Any one of these systems could confidently track the center of a lane for hours with minimal driver input on reasonably straight highways. Although no automaker admits that infotainment is part of its system’s machine learning, right after we went hands-free, Hinder’s "Get Stoned" started playing through the Cadillac’s speakers. We ignored that suggestion and threw the three systems at the toughest highway kinks, interchanges, and two-lane roads surrounding our Ann Arbor home base until either they or we flinched. There was some of each…." Read more Hmmmm… A really good description of these systems. A must read. (What a shame that GM isn’t making a bigger deal out of SuperCruise. What you MUST remember about each of these systems, especially the *.ai system is that these are FULL self-driving systems… Meaning that you MUST pay attention to the road ahead and be prepared to take over control ALL the time. Don’t even think that they’ll take you home after having adult beverages, or they’ll let you take a nap or they’ll let you do more than take a quick glance at some text, or… These are nowhere near Driverless systems. Alain
Veoneer, Jan. 27, "When GM introduced their Cruise Origin,… thermal sensing, … was highlighted as an important sensor (at 1:16)." Read more Hmmmm… Watch the video Given that each but one of the 6 deer that I’ve hit (or hit me) in my lifetime of driving have been at night, in not so rural New Jersey (Jim Hughes calls NJ, the Garden State, a "salad bowl" for deer) and Pennsylvania, Thermal Sensing may well be more than a "nice to have". The 4th Summit will discuss the role of Thermal Sensing. Alain
Press release, Feb 11, "The National Transportation Safety Board released Tuesday new factual information via the public docket for two Tesla accident investigations – the March 23, 2018, crash of a Tesla Model X in Mountain View, California, and the March 1, 2019, crash of a Tesla Model 3 in Delray Beach, Florida….The Mountain View accident occurred when a 2017 Tesla Model X P100D electric-powered passenger vehicle operated with advanced driver assistance features – a feature Tesla calls “autopilot” – departed the southbound travel lanes of Highway 101 and struck a previously damaged crash attenuator. The driver, the sole occupant of the vehicle, was fatally injured in the crash.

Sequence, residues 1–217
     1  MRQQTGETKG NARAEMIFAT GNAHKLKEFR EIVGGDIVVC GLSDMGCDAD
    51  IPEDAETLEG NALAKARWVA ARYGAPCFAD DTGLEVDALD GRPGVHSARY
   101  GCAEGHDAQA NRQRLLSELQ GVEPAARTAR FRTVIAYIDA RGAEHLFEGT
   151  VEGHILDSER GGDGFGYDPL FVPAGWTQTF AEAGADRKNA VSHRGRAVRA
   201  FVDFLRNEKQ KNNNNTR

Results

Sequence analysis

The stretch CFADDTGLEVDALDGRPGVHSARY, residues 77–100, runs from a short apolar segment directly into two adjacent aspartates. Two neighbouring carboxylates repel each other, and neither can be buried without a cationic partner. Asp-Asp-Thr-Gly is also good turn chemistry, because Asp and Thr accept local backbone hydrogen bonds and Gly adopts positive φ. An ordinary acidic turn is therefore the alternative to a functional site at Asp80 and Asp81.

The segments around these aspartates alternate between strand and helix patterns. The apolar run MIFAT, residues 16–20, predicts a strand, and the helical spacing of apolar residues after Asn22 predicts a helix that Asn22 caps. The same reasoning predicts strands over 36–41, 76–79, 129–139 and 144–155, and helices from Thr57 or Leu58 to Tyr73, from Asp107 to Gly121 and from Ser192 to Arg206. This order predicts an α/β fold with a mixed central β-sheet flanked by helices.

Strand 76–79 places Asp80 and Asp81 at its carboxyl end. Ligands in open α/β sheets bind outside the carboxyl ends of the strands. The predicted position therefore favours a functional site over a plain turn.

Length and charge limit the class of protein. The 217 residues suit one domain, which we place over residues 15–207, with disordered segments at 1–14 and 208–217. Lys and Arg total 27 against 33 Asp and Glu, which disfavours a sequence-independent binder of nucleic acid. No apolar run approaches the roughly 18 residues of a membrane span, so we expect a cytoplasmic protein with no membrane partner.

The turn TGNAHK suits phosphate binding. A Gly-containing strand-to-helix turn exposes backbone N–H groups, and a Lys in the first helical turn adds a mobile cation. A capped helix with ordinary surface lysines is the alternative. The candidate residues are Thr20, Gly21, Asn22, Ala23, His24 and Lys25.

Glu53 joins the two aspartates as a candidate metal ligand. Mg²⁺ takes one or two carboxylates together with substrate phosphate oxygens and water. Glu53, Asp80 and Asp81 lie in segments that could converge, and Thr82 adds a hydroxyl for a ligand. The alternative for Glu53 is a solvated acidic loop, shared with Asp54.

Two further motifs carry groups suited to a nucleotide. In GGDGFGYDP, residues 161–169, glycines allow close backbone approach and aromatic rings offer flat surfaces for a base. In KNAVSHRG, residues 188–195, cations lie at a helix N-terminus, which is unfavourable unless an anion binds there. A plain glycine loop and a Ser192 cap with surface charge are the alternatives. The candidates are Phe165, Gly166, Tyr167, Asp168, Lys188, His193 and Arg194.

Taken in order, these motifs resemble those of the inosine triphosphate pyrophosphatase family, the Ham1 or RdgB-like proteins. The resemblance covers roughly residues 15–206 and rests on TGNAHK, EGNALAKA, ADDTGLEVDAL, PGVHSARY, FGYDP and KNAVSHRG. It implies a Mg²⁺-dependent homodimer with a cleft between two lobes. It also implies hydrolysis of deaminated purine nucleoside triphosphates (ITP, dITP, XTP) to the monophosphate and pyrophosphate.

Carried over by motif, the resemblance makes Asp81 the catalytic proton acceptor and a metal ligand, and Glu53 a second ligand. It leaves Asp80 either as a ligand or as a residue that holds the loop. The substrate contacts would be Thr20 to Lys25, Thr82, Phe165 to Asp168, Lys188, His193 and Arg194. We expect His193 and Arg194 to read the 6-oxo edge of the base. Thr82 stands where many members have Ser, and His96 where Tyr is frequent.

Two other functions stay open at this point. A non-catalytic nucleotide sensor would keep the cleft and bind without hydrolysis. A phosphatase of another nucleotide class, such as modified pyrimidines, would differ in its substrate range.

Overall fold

About 500 pages of factual information covering various aspects of the investigation were made public Tuesday. These items have been added to the Mountain View public docket, which was originally opened on June 19, 2019, when the NTSB released more than 500 pages of factual information. The Mountain View docket is available at https://go.usa.gov/xd9u9.
The Delray accident occurred when a 2018 Tesla Model 3 electric-powered passenger vehicle traveling southbound on State Highway 441 struck an eastbound semitractor-trailer that had crossed in front of the Tesla. At the time of the crash, Tesla’s ”autopilot” system was active. The driver, the sole occupant of the Tesla, was fatally injured. The truck driver was uninjured. The public docket for the Delray investigation was opened Tuesday and is available at https://go.usa.gov/xdXRe…. Read more Hmmmm…There is a lot of factual information here. As I wrote earlier, in the Mountain View crash, not only was the attenuator not replaced, but the road striping was very confusing and likely contributed significantly to the previous crash that took out the attenuator in the first place. Ca DoT should be sure to have good paint and good striping on all of their road segments. Also, if you’ve had problems with an automated system in a certain area, wouldn’t you be super attentive and even not use that system when you returned to those areas?
In the Delray crash, how can the truck driver not be at fault. Same thing happened in the Joshua Brown crash, the truck driver was at fault (failed to yield to on-coming traffic). In both cases, the truck drivers essentially stopped their trucks while they were broad-side across the car’s lane of travel. It is also a problem that these Automated Emergency Braking systems can not accurately determine the clearance under a stationary object across a road. And it seems like they don’t even try. They either disregard such objects which leads to the Joshua Brown and Delray crashes or they inappropriately slam on the brakes as happened to Steve Still .
A. Hawkins, Feb 13, "A former Waymo contractor was arrested after allegedly forcing one of the company’s self-driving cars to crash in Tempe last month, according to AZ Central. Police say 31-year-old Raymond Tang drove his Mazda recklessly around the Waymo vehicle, eventually swerving in front of the self-driving car and slamming his brakes, causing the Waymo vehicle to rear-end him.